Materials and Methods

Study Design and Population

This retrospective, single-center, single-surgeon (T.S.) case series was approved by the institutional review board of the Canton Vaud Health Department and was conducted according to the tenets of the Declaration of Helsinki. Written informed consent was obtained from the patients or their legal representatives before study participation.

The subjects were consecutive patients who underwent pars plana vitrectomy (PPV) for MH-RRD between December 2017 and February 2021. Patients presenting with clinical symptoms of high myopia such as posterior staphyloma, chorioretinal atrophy, and macular schisis were excluded from the study. The diagnosis of MH was made either preoperatively with slit-lamp ophthalmoscopy and optical coherence tomography (OCT) examination or intraoperatively at the time of the vitrectomy by a senior vitreoretinal surgeon (T.S.). In the cases where MH was diagnosed intraoperatively, OCT scans were performed postoperatively to confirm the diagnosis.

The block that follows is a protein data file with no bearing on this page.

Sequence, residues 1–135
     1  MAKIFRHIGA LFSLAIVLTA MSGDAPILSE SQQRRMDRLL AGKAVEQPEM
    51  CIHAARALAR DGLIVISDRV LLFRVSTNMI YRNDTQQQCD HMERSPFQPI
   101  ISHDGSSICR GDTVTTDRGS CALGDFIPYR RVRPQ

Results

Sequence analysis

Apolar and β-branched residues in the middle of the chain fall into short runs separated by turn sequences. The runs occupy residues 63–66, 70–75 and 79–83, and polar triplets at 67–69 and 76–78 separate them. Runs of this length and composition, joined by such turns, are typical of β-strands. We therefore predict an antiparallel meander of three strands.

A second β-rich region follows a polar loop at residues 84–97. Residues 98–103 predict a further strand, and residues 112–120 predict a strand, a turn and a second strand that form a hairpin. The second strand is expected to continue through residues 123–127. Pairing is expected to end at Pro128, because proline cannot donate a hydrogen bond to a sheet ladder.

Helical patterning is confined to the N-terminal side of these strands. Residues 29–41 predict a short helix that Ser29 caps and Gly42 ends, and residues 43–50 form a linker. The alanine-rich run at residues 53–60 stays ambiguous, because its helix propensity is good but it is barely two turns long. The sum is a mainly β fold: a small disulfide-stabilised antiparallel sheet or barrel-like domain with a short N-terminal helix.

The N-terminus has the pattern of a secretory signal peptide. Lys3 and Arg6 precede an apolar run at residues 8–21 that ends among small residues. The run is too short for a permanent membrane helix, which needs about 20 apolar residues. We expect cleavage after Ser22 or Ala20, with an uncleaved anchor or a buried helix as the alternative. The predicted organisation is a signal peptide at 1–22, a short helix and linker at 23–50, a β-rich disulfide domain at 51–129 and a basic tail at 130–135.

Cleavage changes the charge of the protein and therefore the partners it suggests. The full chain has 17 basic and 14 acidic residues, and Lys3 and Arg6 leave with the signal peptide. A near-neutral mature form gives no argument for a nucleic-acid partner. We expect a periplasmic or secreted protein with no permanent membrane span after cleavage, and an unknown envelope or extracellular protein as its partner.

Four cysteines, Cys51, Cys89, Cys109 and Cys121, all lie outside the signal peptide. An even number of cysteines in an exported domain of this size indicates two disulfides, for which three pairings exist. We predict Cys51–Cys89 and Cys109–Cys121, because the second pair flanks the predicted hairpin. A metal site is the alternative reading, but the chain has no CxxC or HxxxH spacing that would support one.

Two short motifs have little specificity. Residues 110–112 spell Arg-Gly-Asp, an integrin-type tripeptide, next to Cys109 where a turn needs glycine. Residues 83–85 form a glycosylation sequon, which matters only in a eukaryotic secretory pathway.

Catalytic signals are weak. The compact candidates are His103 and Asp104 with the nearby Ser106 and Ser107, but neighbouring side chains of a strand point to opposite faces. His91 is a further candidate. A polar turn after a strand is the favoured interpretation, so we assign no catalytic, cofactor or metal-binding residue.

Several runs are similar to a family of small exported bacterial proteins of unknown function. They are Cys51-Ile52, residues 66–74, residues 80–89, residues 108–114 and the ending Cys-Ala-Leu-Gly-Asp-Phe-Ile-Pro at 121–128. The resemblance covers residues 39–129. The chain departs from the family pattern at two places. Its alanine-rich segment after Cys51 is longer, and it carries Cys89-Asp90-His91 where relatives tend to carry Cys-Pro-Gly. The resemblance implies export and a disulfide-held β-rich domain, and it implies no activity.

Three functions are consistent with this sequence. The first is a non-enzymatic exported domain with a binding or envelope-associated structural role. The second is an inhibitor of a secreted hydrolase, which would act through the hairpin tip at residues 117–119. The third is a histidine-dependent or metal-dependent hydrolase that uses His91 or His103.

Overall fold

All patients underwent comprehensive ophthalmologic examinations, including measurement of the best-corrected visual acuity (BCVA), slit-lamp ophthalmoscopy, and swept-source OCT examination (DRI-OCT Triton, Topcon, Japan). Postoperative follow-up was set at least 6 months after the surgery and comprised BCVA measurements, slit-lamp examinations, indirect ophthalmoscopy assessments, and an OCT scan. Visual acuity was measured using Snellen charts converted to logarithm of the minimum angle of resolution (logMAR) for statistical analysis. The main outcome measures were retinal reattachment rate, MH closure rates, and the change in postoperative BCVA from baseline.